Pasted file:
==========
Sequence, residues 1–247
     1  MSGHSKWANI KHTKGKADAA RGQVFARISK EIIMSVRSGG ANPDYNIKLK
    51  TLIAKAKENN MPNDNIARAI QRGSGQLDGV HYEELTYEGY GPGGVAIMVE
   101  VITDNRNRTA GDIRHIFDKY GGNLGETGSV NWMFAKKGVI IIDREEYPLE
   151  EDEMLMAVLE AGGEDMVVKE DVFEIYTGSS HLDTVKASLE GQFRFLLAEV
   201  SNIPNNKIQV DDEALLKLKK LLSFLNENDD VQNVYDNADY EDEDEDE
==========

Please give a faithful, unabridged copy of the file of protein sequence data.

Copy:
Sequence, residues 1–247
     1  MSGHSKWANI KHTKGKADAA RGQVFARISK EIIMSVRSGG ANPDYNIKLK
    51  TLIAKAKENN MPNDNIARAI QRGSGQLDGV HYEELTYEGY GPGGVAIMVE
   101  VITDNRNRTA GDIRHIFDKY GGNLGETGSV NWMFAKKGVI IIDREEYPLE
   151  EDEMLMAVLE AGGEDMVVKE DVFEIYTGSS HLDTVKASLE GQFRFLLAEV
   201  SNIPNNKIQV DDEALLKLKK LLSFLNENDD VQNVYDNADY EDEDEDE